Objective—To evaluate selected concentrations of
blood lipids and lipase activities in euthyroid and
hypothyroid horses deprived of feed for 96 hours.
Animals—4 healthy adult mares and 4 thyroidectomized
Procedure—Horses were deprived of feed for 96
hours. Blood samples were collected at 24-hour intervals
and analyzed to determine concentrations of nonesterified
fatty acid (NEFA), triglyceride (TG), total cholesterol
(TC), and very-low-density lipoprotein (VLDL)
as well as composition of VLDL. Plasma lipase activities
were measured after feed was withheld for 96
hours and 12 days after resumption of feeding.
Results—Time significantly affected plasma NEFA,
VLDL, TG, and TC concentrations in both groups of
horses. During the 96-hour period, mean plasma concentrations
of NEFA and VLDL increased 10-fold in
euthyroid horses and increased 5-fold and 9-fold,
respectively, in hypothyroid horses. Mean plasma TG
concentrations increased 8-fold in both groups, and
plasma TC concentrations significantly increased by
33 and 30%, respectively. Composition of VLDL was
significantly affected by feed deprivation in euthyroid
horses. Activities of lipoprotein lipase and hepatic
lipase were significantly higher in feed-deprived horses.
Activity of hepatic lipase was significantly lower in
hypothyroid horses than in euthyroid horses.
Conclusions and Clinical Relevance—Hypothyroidism
did not significantly alter the magnitude of the response
of blood lipids to feed deprivation. Thyroid hormones
may reduce variability in blood lipid concentrations but
do not determine susceptibility to hyperlipemia.
Hypothyroidism does not appear to be a factor in the
pathogenesis of hyperlipemia in horses. (Am J Vet Res 2003;64:823–828)
Objective—To measure and compare the concentration
and composition of very low-density lipoprotein
(VLDL) in plasma and selected lipids in serum of horses
fed mixed grass hay ad libitum or denied feed for
Animals—4 healthy adult mares.
Procedure—Mares were either fed mixed grass hay
ad libitum or denied feed for 36 hours beginning at
8:00 AM. Blood samples were collected every 2 hours
during the study period and analyzed for nonesterified
fatty acid (NEFA), triglyceride (TG), VLDL, and glucose
concentrations and composition of VLDL.
Results—Withholding feed significantly increased
mean serum concentrations of NEFA. By 36 hours, a
16-fold increase in mean serum NEFA concentration
and 2-fold increase in mean plasma VLDL concentration,
compared with baseline values, were detected.
Mean plasma TG concentrations significantly
increased with time in feed-deprived horses.
Significantly lower overall mean plasma glucose concentrations
were detected in feed-deprived horses.
Mean percentage of protein in VLDL was significantly
lower in feed-deprived horses. Plasma VLDL concentrations
varied widely among horses in response
to withholding feed. Plasma TG and VLDL concentrations
remained unaltered in 2 horses.
Conclusions and Clinical Relevance—Withholding
feed significantly increases blood lipid concentrations
in horses, but individual horses respond differently.
Serum NEFA concentrations were increased in all 4
horses denied feed, indicating mobilization of tissue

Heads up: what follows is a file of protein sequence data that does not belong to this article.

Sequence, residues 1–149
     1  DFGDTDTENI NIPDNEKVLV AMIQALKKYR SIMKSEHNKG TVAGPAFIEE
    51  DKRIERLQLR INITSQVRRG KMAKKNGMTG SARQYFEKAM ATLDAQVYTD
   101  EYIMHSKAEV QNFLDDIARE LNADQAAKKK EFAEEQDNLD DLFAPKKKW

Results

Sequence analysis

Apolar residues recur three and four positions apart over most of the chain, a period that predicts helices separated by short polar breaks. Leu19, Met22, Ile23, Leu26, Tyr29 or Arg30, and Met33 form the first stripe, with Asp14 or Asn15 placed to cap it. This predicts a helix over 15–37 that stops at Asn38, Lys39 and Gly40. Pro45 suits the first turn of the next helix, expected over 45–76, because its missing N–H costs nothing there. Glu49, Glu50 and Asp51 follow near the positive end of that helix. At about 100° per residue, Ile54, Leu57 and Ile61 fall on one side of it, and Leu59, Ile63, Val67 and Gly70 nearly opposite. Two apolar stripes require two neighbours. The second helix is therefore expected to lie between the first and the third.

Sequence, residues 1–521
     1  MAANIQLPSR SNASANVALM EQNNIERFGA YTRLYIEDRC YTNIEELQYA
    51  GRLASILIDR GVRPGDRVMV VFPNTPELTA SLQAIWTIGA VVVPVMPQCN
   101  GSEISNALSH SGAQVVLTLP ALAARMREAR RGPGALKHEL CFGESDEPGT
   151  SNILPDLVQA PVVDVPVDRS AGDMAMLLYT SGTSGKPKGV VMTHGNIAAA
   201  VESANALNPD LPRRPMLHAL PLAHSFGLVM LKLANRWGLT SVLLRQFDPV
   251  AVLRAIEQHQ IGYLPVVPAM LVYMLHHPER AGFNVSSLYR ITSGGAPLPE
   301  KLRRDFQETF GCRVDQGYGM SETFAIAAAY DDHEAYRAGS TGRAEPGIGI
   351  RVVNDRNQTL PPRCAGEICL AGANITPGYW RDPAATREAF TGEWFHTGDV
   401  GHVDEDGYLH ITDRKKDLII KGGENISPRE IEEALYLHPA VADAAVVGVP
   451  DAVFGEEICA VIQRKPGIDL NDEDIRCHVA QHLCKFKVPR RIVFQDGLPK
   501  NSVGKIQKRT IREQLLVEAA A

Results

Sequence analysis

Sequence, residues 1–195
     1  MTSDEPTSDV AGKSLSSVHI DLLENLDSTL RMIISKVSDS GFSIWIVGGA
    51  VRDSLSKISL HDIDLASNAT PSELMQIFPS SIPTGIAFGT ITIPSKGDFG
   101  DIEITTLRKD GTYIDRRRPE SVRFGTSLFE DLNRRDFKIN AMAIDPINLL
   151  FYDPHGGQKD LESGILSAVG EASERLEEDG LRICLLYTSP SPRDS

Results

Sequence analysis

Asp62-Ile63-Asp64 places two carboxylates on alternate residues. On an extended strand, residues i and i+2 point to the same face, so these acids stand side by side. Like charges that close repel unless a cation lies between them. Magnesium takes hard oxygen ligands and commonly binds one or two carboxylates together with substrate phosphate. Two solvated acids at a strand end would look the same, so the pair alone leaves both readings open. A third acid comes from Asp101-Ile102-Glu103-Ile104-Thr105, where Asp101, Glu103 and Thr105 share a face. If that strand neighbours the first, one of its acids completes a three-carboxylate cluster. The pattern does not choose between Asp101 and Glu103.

triglyceride stores. Variation in plasma VLDL concentration
in response to withholding feed suggests that
its metabolism is strongly influenced by other, as yet
undetermined, factors in horses. Differences in the
plasma VLDL concentrations among horses in
response to withholding feed may be used as an indication
of susceptibility to the hyperlipemic syndrome
of Equidae. (Am J Vet Res 2002;63:1018–1021)
Objective—To compare kinetics of the metabolism of
very-low-density lipoprotein (VLDL) apolipoprotein B
(apoB) before and after thyroidectomy in mares.
Animals—5 healthy adult mares.
Procedure—Thyroidectomy was performed in euthyroid
mares. Kinetics of VLDL apoB metabolism were
measured before and after thyroidectomy by use of a
bolus IV injection of 5,5,5-2H3 (98%) leucine (5 mg/kg)
and subsequent isolation of labeled amino acid from
plasma and VLDL. Labeled leucine was quantified by
use of gas chromatography-mass spectrometry.
Production rate (PR), delay time, and fractional catabolic
rate (FCR) were calculated for the 2 forms of
equine VLDL, apoB-48 VLDL, and apoB-100 VLDL.
Plasma lipid concentrations were measured, and
VLDL composition was determined.
Results—Physical appearance of horses was not
altered by thyroidectomy. Significantly lower mean
blood concentrations of thyroid hormones and nonesterified
fatty acids were detected following thyroidectomy.
Mean percentage of free cholesterol in
VLDL was significantly higher after thyroidectomy.
Mean plasma VLDL concentration or kinetics of
apoB-48 or apoB-100 were not significantly altered
by thyroidectomy. Mean ± SEM PR was significantly
lower (8.70 ± 1.61 mg/kg/d) and mean delay time
significantly longer (1.58 ± 0.12 hours) for apoB-48
VLDL in euthyroid mares, compared with values for
thyroidectomized mares (16.15 ± 2.24 mg/kg/d and
0.93 ± 0.10 hours, respectively).
Conclusions and Clinical Relevance—Hypothyroidism
did not significantly alter plasma VLDL concentrations
or kinetics of VLDL apoB metabolism.
Metabolism of apoB-48 VLDL differed significantly
from that of apoB-100 VLDL in euthyroid mares.
(Am J Vet Res 2003;64:1052–1058)